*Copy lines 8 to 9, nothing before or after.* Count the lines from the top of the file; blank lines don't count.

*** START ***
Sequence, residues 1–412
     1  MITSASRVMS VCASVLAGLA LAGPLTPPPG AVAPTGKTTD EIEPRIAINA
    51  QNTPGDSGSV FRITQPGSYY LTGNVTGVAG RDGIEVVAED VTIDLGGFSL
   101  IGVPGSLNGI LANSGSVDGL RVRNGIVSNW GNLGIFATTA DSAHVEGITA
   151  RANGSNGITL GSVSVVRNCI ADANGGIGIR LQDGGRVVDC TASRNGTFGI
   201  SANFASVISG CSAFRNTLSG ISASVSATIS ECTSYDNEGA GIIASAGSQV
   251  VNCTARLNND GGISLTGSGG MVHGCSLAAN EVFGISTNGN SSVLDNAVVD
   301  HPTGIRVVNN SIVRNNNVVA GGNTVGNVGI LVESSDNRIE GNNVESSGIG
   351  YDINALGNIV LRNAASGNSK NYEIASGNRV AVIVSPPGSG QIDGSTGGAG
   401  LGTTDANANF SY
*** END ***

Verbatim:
   301  HPTGIRVVNN SIVRNNNVVA GGNTVGNVGI LVESSDNRIE GNNVESSGIG
   351  YDINALGNIV LRNAASGNSK NYEIASGNRV AVIVSPPGSG QIDGSTGGAG